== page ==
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"IN-novation"
Just "IN" or has it been around and we've just given it a name?
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Anti-Fragile Careers: A Life of Jobs vs. A Job for Life

Anti-Fragile Careers:  A Life of Jobs vs. A Job for Life | "IN-novation" | Scoop.it

Deb's pending presentations for 2014:  

Your One Big Life:  How to Be Anti-Fragile through Downturns, Upturns and Turnarounds     

and

      

HR Social Media Strategy Amplified:  Careers, Culture and Performance      Scheduling into 2014!   
Via Deb Nystrom, REVELN
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Deb Nystrom, REVELN's curator insight, November 26, 2013 4:08 PM

Corporation and big companies can provide a lot by way of benefits, pensions, salaries.  However, since the 70's, with the exception of a few stable 100-year companies, a job is RARELY a job for life.


The topics listed above are pending for 2014 conferences.  


You can join a mailing list for monthly news on Best of the BEST learning including career tools via REVELN Tools

What's your anti-fragile career plan?   ~  Deb

Rescooped by Robin Martin from Innovation & Institutions, Will it Blend?
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A Pulp Innovation & Change Chapter: The Innovation Plan includes the Return of Status Quo

A Pulp Innovation & Change Chapter: The Innovation Plan includes the Return of Status Quo | "IN-novation" | Scoop.it

"Pushing an innovation plan forward?  Here comes the first major obstacle instead of a much-needed catalyst, for the rapid plummet to the bottom, roller coaster style in this 'pulp innovation' chapter change story."

 

This innovation series includes a set of chapter pulp fiction stories, complete with cliff hangers, setting up a series of cautionary tales of how to create innovation as a sustainable, repeatable business process.  

 

This episode of Jeffrey Phillips's series involves the destablization of those leading change to an innovation culture.  Enter the other staff manager with enough “bandwidth” to actively participate, which means those not senior enough to speed the work.

 

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The annual planning cycle, that recurring monster better known ...as the idea killing process...with no ambiguity and no room for error.

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Excerpts:

 

After the usual pleasantries, Susan and I set out an ambitious plan to build an innovation team, encourage incremental and disruptive innovation throughout the organization and start building innovation communities...

 

...it seemed that everyone else had a different perspective or intent for our project.

 

“Great. Do you think we can have new products in the pipeline so we can get budgets in place during the annual planning cycle?”

 

The annual planning cycle, that recurring monster better known to innovation experts as the idea killing process. There’s no business process or decision making apparatus less welcoming to innovation than the annual planning process, a place where great ideas go to die.

 

...A rigid, microscopically managed process with no ambiguity and no room for error. ...While the revenue numbers may be a bit inflated and fanciful, the projects that get approved go under a ROI microscope, which inevitably means that many innovative ideas are rejected.

 

By the end of our first meeting I’d reached the bottom of the roller coaster. ...Even though we had open channels to Brockwell, I didn’t think it would matter. ...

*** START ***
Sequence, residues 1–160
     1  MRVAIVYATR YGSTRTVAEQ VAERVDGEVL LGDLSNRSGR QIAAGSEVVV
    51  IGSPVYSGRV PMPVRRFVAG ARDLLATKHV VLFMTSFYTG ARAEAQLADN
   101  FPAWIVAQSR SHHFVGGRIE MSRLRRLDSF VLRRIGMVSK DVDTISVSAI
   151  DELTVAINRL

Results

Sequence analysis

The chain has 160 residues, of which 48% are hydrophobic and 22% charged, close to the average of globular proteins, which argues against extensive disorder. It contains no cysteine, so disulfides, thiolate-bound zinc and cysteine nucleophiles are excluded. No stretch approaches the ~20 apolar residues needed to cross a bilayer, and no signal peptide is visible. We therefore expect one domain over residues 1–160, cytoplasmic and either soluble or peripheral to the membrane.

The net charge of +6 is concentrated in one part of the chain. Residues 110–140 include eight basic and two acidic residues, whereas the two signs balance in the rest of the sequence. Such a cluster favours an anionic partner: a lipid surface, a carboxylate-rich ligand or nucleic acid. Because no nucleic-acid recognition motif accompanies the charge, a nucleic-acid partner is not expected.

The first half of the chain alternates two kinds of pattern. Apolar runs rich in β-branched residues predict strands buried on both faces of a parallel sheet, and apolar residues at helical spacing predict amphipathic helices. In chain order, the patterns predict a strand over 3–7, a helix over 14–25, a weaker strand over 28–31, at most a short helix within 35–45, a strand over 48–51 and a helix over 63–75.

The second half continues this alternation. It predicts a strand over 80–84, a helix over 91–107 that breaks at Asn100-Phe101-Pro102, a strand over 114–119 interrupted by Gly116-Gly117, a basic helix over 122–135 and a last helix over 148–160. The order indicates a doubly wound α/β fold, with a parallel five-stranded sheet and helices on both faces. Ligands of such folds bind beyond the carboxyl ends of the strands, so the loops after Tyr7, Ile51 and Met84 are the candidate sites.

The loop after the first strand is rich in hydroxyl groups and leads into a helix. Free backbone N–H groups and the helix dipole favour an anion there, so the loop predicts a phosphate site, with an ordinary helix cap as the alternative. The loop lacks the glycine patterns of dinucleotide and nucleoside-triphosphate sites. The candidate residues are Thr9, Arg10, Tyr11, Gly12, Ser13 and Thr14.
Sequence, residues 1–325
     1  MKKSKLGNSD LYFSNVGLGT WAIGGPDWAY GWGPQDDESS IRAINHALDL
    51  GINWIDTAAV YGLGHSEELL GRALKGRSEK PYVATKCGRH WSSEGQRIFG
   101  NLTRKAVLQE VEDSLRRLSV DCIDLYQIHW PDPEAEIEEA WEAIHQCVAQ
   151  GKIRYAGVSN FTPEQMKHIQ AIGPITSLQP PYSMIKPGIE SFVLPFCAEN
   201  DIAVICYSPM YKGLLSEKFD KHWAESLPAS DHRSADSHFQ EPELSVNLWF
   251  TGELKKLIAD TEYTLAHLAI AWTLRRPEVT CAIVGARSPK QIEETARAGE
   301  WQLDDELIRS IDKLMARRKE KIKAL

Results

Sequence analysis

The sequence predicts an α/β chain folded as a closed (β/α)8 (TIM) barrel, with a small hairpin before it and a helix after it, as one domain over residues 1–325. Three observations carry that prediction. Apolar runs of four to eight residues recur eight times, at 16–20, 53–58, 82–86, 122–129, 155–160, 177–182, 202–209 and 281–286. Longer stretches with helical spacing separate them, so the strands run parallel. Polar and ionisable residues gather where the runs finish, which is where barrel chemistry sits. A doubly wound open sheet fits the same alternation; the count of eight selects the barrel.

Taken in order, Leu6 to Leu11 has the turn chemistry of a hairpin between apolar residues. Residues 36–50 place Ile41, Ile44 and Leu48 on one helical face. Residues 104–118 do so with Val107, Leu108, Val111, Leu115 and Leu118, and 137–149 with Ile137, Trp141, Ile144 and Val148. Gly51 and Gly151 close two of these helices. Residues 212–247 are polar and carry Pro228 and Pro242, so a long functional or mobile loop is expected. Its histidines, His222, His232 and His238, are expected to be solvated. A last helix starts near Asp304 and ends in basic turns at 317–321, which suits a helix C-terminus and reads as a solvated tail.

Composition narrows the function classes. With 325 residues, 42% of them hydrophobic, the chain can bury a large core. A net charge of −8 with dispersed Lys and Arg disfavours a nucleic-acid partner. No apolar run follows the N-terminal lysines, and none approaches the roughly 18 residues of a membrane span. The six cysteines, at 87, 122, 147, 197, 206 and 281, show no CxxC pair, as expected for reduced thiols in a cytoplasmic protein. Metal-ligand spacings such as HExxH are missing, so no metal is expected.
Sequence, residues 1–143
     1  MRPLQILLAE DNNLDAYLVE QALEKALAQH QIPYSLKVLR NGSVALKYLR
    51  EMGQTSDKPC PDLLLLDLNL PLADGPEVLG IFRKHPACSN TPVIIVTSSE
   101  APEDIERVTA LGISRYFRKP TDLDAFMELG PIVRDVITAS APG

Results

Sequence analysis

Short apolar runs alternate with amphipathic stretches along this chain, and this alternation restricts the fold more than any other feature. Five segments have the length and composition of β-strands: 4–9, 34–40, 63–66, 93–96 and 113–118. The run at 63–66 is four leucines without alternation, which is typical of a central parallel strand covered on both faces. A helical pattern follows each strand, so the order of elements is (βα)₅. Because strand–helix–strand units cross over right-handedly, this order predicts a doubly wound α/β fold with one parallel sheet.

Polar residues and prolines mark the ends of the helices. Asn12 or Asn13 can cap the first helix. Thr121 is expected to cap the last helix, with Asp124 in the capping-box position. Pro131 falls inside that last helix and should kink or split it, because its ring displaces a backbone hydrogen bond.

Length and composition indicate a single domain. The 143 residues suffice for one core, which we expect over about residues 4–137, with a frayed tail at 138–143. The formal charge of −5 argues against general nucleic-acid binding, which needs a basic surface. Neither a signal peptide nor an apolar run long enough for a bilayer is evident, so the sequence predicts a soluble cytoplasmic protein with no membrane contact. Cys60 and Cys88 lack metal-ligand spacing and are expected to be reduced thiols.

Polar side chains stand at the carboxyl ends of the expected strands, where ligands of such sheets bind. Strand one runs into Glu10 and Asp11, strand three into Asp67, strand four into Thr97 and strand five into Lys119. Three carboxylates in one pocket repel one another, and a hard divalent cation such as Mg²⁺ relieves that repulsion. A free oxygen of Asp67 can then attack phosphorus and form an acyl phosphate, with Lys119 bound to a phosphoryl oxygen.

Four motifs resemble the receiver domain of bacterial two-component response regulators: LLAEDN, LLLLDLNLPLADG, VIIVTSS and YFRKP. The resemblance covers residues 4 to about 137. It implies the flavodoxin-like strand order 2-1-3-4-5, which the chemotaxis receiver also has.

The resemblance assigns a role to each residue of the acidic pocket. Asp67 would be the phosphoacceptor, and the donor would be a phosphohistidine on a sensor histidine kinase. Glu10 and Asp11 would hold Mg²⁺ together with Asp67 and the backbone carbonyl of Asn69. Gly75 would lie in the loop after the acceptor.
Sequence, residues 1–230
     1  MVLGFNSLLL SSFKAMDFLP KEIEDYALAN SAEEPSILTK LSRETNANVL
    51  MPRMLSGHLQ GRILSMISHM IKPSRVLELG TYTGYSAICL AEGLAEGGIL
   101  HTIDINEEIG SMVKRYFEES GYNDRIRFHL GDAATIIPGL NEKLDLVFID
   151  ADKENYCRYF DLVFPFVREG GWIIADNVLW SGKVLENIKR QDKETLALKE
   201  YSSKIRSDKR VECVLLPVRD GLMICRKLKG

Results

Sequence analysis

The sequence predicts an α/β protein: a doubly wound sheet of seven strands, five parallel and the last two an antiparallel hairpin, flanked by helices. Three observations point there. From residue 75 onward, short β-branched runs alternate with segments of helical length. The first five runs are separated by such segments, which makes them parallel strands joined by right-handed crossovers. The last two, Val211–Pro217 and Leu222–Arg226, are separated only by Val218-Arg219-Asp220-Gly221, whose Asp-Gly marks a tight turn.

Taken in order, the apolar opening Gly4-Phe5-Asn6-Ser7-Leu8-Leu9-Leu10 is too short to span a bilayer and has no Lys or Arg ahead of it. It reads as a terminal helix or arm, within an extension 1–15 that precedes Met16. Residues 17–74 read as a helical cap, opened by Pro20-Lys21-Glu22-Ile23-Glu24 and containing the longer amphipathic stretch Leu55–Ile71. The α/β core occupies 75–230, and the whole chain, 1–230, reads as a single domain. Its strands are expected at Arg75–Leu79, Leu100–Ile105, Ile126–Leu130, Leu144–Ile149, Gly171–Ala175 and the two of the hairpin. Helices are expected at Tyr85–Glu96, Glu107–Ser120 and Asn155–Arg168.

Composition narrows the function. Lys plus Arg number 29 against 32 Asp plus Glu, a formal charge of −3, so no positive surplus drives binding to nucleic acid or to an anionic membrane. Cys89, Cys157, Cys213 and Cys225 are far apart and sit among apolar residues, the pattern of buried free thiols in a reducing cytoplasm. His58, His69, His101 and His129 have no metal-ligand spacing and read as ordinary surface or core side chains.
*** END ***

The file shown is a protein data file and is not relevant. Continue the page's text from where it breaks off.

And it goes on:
Perhaps we should recruit Mr. Kasamis.”  “Doug Kasamis, the chairman?” ...if he is willing, he could rally most of the organization to a significant change.”

 

Read the full post here.


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Rescooped by Robin Martin from Innovation & Institutions, Will it Blend?
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Why Innovation Dies - A University Example of Structure Gone Bad - Forbes

Why Innovation Dies - A University Example of Structure Gone Bad - Forbes | "IN-novation" | Scoop.it

The classic mistakes made in dealing with disruption are here:  a new administrative lead role (a dean),  policy teams, committees, and implementation plan.

 

"...the minute the memo started talking about a Policy Team developing detailed implementation plans, it was all over."

 

Have you been there?  How did it turn out for you?


...Any possibility for innovation dies when a company forms a committee for an “overarching strategy.”

 

This insightful article by Steve Blank, mirrors what's I've read about and seen time and time again in decisive actions taken by executives and in large institutions.

 

Excerpted:

 

Lessons Learned

Innovation in New Markets do not come from “overarching strategies” It comes out of opportunity, chaos and rapid experimentation Solutions are found by betting on a portfolio of low-cost experiments The road for innovation does not go through committee

One useful purpose a university committee could have had was figuring out what the goal of going online was.  [The example in the article is education based.]

 

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...it is so complex that figuring out the one possible path to a correct solution is computationally incalculable.
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...the path to implementing online education is not known. In fact, it’s not a solvable problem by committee, regardless of how many smart people in the room. It is a “NP complete” problem – it is so complex that figuring out the one possible path to a correct solution is computationally incalculable.

 

By:  Steve Blank, author, teacher of entrepreneurship and consultant who has reshaped how startups are created. He is coauthor of the recently published, The Startup Owner’s Manual (K&S Ranch, 2012).


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